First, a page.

A lone woman stands above a sea of hats and faces in downtown St. Louis. Smartly dressed in a jacket and feathered hat, with her hands on her hips, she leans slightly forward, her posture and expression intense as she addresses a predominately male crowd gathered around her. More men are watching from the curb across the street. A horse-drawn carriage in the background is a clue to the time period in which this photograph was taken. This woman, Kate Richards O’Hare, is speaking to a crowd on May 2, 1916, to get support for women’s suffrage. She was a voice for change in a movement that was decades in the making.
The organized fight for women’s suffrage began in St. Louis in March 1867 when a group of women presented a petition to the Missouri state legislature that stated their belief that anyone who was subject to the law and paid taxes should have a right to participate in the elections of those who governed them. The plea was rejected, but its defeat prompted the creation of Missouri’s first suffrage organization, the Woman Suffrage Association of Missouri (WSA).
One of the most important events in the early suffrage movement began in St. Louis on October 15, 1872, when Virginia Minor decided to test the idea of women’s right to vote by attempting to register. Her registration was denied, so she took the case all the way to the United States Supreme Court. The Supreme Court ruled that citizenship did not necessarily guarantee the right to vote, a devastating blow to the suffrage movement. The movement in St. Louis was reinvigorated in March 1910 when the Equal Suffrage League of St. Louis (ESL) was formed. In 1914, ESL submitted a petition with enough signatures to have an amendment for suffrage in Missouri put directly before the people for a vote. The amendment was defeated by a three-to-one margin, but the ESL continued to fight for women’s rights by providing voter education courses and going door to door in St. Louis neighborhoods to garner support. In 1919, the Missouri legislature passed a joint resolution granting women presidential suffrage, appropriately during the jubilee (fiftieth) convention of the National American Woman Suffrage Association.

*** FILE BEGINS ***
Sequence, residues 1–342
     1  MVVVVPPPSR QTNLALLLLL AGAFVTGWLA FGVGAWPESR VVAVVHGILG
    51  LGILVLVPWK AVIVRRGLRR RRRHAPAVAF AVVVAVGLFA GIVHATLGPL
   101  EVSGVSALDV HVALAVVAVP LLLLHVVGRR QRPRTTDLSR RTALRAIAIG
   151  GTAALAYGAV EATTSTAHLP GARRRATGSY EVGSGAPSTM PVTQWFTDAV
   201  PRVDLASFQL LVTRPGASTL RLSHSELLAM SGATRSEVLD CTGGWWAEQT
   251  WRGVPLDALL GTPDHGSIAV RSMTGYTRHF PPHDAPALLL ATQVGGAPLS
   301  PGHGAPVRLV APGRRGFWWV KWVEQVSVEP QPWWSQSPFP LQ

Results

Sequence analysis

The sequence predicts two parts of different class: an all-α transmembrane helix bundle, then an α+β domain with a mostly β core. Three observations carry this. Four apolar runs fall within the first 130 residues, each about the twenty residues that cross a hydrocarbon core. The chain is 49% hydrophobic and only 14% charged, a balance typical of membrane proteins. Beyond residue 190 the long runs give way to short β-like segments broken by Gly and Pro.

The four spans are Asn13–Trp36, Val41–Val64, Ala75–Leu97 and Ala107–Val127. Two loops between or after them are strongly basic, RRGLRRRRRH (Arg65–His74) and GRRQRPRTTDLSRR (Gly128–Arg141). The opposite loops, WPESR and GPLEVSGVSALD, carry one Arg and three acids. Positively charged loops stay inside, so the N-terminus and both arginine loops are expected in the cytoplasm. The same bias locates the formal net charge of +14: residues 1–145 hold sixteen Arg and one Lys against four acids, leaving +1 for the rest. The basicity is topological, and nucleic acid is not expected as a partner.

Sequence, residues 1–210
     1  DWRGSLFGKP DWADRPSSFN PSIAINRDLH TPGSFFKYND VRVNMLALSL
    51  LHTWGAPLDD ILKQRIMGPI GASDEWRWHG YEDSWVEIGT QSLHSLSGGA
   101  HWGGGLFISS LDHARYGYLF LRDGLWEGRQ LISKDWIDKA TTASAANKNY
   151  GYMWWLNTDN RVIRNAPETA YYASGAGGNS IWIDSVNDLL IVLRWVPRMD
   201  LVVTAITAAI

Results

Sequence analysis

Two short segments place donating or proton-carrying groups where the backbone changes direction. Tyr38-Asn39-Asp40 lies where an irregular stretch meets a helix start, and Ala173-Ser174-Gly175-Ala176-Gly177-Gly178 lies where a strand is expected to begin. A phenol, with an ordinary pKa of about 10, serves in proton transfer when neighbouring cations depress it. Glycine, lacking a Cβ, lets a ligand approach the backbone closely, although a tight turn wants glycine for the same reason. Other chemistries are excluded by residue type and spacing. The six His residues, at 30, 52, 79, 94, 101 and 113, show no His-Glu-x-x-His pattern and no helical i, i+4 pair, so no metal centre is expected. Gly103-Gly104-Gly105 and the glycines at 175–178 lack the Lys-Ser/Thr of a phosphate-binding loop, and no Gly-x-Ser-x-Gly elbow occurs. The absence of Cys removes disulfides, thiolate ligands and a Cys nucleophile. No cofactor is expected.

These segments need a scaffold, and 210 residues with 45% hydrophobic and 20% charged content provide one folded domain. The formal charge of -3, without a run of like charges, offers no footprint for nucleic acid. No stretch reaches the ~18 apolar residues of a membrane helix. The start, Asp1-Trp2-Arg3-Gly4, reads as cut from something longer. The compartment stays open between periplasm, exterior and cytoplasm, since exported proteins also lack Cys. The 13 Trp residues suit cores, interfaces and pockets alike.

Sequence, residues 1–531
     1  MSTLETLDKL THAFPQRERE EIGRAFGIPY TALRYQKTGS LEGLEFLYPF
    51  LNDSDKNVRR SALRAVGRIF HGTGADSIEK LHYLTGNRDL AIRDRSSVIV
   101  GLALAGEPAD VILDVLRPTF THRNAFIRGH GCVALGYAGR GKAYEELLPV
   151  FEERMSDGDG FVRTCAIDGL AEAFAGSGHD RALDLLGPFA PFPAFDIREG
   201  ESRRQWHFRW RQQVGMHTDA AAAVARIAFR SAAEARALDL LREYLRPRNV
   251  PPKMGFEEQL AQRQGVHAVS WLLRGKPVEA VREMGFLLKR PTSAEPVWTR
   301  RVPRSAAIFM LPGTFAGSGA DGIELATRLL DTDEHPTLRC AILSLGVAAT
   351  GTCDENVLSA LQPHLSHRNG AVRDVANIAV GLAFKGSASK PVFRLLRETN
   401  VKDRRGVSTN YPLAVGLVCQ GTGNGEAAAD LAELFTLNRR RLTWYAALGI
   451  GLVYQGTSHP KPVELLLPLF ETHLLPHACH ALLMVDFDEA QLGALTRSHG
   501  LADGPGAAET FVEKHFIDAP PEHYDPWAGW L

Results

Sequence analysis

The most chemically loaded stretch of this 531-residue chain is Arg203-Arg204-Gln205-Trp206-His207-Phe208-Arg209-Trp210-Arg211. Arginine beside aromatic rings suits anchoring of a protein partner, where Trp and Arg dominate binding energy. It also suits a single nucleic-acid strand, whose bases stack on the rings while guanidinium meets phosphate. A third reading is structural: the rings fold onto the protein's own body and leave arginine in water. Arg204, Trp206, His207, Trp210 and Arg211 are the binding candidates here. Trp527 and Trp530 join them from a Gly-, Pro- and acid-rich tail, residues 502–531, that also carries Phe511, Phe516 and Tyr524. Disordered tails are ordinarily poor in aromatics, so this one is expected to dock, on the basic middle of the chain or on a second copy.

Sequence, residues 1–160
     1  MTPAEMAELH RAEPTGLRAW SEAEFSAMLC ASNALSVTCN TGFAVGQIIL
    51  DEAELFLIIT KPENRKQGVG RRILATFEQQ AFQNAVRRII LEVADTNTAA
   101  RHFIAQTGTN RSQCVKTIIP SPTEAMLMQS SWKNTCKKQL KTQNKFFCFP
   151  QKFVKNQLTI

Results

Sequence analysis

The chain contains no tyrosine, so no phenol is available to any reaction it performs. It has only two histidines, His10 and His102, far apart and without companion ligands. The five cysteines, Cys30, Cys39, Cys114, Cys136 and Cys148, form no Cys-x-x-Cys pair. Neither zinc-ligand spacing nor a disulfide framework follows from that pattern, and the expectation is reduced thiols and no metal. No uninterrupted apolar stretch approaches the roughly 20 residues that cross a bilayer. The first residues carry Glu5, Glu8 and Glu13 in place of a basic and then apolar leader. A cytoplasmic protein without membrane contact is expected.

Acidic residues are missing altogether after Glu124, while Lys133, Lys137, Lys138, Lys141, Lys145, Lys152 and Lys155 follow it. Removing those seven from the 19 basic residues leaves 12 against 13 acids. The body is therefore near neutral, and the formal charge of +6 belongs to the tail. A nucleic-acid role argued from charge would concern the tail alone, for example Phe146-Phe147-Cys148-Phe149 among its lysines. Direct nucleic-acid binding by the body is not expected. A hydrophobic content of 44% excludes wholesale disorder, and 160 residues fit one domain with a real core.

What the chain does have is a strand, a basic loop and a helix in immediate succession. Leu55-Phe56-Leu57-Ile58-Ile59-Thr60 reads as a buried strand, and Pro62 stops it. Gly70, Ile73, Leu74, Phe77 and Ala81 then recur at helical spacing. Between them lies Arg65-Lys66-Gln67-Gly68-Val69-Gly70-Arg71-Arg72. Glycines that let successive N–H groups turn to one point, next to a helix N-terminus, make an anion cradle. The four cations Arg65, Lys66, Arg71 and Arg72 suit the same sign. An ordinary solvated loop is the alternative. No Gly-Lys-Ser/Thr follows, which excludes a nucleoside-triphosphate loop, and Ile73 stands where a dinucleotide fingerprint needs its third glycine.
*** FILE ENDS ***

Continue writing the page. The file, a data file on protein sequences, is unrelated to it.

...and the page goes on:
The actions of Missouri suffragists echoed those of citizens all over the United States who were fighting for women’s right to vote. Suffragists around the country brought cases to court, held conventions and marches, and distributed leaflets. Kate O’Hare was best known as a proponent of socialism, but she was also an ardent supporter of suffrage. Like many working-class and African American suffragists, she saw suffrage not as an end in itself, but as a tool to improve society. To protest U.S. involvement in World War I, O’Hare spoke of the injustice faced by women who were indirect victims of war, although they had no voice in government.
Suffragists had proposed a constitutional amendment in 1878 which stated, "The right of citizens to vote shall not be abridged by the United States or by any State on account of sex." This same amendment was introduced in every session of Congress for forty-one years. After several defeats in both the House and the Senate, the bill passed in 1919 under the urging of President Wilson. In 1920, the Nineteenth Amendment to the Constitution was ratified, granting nationwide suffrage to women.